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About

About

Explores women's identities and their perceptions of themselves, as well of the way they believe others perceive them.
Published:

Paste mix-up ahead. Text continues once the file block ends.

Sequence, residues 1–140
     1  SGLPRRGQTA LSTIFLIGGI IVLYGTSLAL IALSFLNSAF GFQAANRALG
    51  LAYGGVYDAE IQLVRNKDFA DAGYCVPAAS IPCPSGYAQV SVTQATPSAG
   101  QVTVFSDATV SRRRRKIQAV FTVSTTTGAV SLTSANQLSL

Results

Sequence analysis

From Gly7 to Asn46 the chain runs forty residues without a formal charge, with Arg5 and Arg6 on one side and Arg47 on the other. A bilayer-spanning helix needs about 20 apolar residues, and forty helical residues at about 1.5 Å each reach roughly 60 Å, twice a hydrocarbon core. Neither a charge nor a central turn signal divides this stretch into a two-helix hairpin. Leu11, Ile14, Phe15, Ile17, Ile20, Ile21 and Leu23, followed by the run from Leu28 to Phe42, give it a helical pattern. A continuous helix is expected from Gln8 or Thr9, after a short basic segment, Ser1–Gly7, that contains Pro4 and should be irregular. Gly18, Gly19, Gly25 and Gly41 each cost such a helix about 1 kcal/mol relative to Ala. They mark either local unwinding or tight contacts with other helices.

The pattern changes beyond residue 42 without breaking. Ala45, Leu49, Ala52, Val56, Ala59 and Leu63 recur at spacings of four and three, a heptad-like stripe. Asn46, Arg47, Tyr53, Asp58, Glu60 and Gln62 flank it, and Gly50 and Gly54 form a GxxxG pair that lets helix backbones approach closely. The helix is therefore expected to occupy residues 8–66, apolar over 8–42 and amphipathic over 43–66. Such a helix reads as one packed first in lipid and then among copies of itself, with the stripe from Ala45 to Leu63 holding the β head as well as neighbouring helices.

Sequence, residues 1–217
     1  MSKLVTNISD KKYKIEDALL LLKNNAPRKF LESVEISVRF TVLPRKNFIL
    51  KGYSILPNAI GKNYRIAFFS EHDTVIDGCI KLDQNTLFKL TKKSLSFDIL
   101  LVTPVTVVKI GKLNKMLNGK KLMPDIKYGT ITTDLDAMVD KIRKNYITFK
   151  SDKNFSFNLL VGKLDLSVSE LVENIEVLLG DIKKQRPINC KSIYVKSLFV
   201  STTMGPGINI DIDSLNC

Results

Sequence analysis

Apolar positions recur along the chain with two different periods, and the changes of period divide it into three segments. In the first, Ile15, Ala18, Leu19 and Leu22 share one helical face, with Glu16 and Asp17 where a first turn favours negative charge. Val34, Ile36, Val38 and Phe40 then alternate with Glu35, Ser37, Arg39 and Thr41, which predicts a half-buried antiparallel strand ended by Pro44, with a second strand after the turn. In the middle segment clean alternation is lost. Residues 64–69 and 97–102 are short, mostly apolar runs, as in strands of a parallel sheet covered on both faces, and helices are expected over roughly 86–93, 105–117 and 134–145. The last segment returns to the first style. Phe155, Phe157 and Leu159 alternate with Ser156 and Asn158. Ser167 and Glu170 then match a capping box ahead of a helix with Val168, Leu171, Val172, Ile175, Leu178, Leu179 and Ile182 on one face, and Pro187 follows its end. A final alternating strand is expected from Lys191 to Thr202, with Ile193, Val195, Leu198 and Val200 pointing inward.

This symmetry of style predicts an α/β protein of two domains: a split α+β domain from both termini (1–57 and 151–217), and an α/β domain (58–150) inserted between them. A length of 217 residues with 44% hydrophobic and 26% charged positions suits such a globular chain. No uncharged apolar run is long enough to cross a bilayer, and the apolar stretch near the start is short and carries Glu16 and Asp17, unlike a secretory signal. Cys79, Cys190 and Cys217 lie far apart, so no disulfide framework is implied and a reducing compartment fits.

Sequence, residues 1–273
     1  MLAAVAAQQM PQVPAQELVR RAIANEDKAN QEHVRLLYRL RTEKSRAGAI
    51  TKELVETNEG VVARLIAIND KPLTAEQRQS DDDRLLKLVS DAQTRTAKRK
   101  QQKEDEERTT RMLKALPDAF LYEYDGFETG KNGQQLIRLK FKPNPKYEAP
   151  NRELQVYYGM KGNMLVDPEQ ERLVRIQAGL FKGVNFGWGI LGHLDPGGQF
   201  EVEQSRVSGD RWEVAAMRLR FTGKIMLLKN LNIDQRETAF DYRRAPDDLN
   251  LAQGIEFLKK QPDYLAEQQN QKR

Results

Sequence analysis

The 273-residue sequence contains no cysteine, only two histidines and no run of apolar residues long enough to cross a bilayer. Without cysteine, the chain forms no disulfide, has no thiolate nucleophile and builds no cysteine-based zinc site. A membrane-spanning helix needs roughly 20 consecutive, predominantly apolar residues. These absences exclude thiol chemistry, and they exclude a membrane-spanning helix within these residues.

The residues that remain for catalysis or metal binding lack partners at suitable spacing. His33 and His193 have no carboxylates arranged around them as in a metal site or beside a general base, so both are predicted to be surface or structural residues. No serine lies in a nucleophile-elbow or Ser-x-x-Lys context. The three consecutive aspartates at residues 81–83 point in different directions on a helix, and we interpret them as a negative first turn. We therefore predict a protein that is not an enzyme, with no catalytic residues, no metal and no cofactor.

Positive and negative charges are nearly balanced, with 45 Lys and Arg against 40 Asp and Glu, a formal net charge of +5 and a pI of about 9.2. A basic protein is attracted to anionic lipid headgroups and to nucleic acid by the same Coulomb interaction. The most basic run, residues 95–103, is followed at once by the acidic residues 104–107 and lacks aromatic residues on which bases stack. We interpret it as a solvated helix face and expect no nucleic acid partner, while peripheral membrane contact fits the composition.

Self-image and identity have always held an interest for me, and I find that a visual exploration often offers some answers, albeit ones that are hard to define in words. When I took a large format film photography class, I started a project that was meant to illustrate perceptions of woman. I asked several women to do a set of two portraits. In the first shot they were asked to portray themselves in the way that they thought others viewed them. In the second, they were asked to represent how they see themselves. I gave them very little direction and asked them to choose their own locations, wardrobe, etc. If they could not come up with certain aspects themselves, I asked them to describe what they wanted to convey, and then attempted to select fitting scene and wardrobe considerations. I also created a list of questions on a discussion board in an attempt to delve more into the concept. While I was happy with the results, I believe I confined myself by predetermining that what I would come up with would be some sort of clear-cut illustration of the objectification of women. I also failed to include a broad demographic as all of my subjects save one were young, twenty-somethings. This spring I decided to revisit the idea.